Many multiferroic relaxor materials exhibit glassy magnetic phases. In this regard it is important to recognize, as emphasized by Fischer and Hertz in their text, [117] that published spin-glass theories generally do not apply to crystals such as ferroelectrics that lack inversion centers. In particular, they stress that such systems cannot be Ising like. Since some multiferroics exhibit properties resembling spin glasses [118], this means that existing theories are apt to be inapplicable [119]. Theorists should take note. This may be the cause of unusually low values for the critical exponent zv reported in the magnon cross sections of BiFeO3 [120]; however, we note that cluster models also give very low values ca. 1-2.

3.5. PbFe2/3W1/3O3 (“PFW”) and Its Solid Solutions with PZT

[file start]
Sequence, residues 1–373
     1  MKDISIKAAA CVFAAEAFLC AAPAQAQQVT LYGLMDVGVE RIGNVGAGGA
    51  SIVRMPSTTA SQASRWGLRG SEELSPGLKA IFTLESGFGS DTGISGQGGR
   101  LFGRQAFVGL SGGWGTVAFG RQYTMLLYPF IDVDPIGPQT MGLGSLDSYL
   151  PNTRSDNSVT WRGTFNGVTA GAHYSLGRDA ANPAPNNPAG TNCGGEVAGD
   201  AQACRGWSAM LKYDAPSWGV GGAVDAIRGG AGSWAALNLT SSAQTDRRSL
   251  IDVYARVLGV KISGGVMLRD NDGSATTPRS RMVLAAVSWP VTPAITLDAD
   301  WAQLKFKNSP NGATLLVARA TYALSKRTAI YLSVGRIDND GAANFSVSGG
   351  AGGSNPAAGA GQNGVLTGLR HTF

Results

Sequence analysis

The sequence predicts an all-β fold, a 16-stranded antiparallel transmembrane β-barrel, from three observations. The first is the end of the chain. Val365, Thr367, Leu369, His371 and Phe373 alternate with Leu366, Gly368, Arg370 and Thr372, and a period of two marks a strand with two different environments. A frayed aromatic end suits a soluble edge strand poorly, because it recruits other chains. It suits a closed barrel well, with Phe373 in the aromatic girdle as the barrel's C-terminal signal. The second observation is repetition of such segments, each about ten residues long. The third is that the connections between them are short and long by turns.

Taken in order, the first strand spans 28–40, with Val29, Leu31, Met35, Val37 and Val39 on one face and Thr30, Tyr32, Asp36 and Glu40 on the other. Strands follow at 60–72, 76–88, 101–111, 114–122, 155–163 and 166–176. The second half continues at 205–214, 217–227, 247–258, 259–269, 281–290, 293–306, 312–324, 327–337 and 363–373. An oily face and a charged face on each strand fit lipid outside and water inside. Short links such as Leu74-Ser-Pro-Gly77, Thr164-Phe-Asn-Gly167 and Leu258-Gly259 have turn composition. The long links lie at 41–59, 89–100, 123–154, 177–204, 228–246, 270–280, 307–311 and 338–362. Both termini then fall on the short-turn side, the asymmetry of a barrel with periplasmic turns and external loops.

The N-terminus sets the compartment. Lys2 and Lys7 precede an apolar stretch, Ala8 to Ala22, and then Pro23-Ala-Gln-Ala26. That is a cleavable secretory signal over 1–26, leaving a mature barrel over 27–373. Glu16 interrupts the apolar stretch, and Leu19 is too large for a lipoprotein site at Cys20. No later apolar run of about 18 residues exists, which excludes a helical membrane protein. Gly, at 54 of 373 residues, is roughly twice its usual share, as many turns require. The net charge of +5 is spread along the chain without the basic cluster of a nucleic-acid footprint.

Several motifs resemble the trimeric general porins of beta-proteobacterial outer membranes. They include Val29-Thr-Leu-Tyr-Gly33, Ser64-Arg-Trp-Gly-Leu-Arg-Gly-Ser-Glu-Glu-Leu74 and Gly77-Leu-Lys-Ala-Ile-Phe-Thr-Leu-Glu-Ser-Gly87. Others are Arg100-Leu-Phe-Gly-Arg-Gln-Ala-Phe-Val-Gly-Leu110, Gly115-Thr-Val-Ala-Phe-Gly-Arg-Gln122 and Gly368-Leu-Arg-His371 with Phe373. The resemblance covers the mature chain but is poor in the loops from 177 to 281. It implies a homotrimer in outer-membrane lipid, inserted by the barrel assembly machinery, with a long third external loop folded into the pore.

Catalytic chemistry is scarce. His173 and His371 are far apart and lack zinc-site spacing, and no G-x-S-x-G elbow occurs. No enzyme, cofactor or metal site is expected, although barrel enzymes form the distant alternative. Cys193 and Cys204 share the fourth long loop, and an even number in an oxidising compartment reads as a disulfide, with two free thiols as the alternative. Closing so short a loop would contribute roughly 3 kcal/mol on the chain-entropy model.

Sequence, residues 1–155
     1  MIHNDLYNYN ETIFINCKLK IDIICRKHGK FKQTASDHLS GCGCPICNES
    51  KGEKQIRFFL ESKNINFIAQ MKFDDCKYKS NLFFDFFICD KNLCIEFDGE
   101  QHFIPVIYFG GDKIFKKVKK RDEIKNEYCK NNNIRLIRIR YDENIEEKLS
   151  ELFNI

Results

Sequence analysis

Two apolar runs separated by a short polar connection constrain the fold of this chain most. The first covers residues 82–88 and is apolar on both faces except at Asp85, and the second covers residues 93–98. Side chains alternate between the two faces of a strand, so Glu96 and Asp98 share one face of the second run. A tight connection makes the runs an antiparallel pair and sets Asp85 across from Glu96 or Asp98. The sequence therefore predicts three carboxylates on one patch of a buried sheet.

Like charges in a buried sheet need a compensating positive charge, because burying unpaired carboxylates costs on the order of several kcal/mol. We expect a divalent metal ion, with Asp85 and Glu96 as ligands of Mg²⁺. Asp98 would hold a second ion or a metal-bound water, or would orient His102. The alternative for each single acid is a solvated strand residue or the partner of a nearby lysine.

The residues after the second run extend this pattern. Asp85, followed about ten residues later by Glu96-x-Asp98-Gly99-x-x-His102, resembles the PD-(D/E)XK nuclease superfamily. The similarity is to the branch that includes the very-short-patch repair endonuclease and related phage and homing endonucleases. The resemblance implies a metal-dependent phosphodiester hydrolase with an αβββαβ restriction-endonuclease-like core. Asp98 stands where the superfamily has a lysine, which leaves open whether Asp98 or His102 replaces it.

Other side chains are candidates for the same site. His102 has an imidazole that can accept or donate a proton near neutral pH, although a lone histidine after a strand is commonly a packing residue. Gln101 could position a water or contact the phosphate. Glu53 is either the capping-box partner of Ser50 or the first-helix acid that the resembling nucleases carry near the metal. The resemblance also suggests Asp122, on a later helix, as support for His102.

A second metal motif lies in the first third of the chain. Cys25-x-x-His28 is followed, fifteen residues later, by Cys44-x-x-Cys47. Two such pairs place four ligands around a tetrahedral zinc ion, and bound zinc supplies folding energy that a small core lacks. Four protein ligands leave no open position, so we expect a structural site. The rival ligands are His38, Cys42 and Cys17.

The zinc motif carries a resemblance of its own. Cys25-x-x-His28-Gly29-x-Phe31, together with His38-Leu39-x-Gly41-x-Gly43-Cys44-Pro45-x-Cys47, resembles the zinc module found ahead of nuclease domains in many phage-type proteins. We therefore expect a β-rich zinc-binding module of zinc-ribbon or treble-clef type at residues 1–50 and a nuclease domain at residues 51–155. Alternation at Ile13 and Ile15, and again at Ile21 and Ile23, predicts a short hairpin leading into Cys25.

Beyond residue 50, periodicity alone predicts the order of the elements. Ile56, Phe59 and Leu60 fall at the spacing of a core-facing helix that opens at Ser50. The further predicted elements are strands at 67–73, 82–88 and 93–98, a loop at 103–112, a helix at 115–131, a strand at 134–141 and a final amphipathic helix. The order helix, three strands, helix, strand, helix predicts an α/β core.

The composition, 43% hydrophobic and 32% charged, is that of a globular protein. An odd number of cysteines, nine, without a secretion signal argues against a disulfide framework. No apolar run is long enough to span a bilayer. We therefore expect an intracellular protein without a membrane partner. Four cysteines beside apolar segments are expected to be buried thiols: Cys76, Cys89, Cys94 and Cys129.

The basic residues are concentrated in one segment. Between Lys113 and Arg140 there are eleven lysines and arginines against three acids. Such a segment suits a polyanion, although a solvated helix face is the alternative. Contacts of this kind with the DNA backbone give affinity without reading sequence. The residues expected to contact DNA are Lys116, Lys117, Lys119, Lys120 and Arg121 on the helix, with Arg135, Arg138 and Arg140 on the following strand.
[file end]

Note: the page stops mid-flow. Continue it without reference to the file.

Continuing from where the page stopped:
Lead iron tungstate has been known since the days of Smolensky are to be a multiferroic with a “diffuse” phase transition (now termed a “relaxor”). Very recently a theory has been developed that gives very specific predictions for magnetic field dependence of electrical properties in such materials [121]. Based upon the earlier work of Pirc and Blinc, in their newer paper Pirc et al. calculate that for systems like PFW that are both magnetic relaxors (nanoregions of oriented spins) and ferroelectric relaxors (polar nanoregions) the coupling of magnetization and polarization through strain , that is, via magnetostriction and electrostriction can be very large—much larger in fact than the direct biquadratic coupling . This kind of indirect strain-coupled magnetoelectric effect is not subject to the mathematical limit on magnetoelectric susceptibilities imposed by the Hornreich-Shtrikman constraint, that is, . We note parenthetically that the Hornreich-Shtrikman constraint is not rigorous in any event, as shown recently by Dzyaloshinskii [122]; it is based upon linear response theory, which fails, for example, if there is a ferromagnetic phase transition at a temperature below the magnetoelectric transition (e.g., if Cr2O3 were to become ferromagnetic at low temperatures).